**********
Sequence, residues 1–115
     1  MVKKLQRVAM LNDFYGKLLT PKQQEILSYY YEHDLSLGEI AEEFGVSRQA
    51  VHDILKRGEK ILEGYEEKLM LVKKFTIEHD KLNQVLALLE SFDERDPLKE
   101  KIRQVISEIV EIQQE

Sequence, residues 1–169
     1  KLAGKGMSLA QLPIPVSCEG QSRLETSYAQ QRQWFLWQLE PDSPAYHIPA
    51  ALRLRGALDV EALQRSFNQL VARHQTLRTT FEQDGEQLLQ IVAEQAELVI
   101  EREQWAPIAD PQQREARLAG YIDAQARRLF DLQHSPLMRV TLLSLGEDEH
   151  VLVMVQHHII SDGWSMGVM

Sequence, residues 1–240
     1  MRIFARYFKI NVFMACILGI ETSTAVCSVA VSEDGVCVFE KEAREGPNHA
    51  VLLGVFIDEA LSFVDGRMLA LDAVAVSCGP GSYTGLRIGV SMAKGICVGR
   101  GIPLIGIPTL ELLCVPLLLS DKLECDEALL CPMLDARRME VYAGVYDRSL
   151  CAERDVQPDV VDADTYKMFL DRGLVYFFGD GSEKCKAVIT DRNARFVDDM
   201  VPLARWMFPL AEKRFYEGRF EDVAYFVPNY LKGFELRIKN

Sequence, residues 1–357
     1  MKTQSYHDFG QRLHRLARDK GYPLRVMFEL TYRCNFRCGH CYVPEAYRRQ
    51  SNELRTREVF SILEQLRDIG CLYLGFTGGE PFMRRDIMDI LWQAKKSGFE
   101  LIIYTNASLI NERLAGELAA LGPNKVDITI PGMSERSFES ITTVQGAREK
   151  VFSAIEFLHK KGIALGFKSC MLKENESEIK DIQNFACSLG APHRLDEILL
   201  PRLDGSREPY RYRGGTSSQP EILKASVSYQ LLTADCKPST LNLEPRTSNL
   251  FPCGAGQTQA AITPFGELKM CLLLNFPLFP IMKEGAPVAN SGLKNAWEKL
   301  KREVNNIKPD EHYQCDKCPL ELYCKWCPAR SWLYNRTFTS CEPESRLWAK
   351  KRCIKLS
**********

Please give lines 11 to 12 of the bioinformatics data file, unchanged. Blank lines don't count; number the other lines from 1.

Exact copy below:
     1  MRIFARYFKI NVFMACILGI ETSTAVCSVA VSEDGVCVFE KEAREGPNHA
    51  VLLGVFIDEA LSFVDGRMLA LDAVAVSCGP GSYTGLRIGV SMAKGICVGR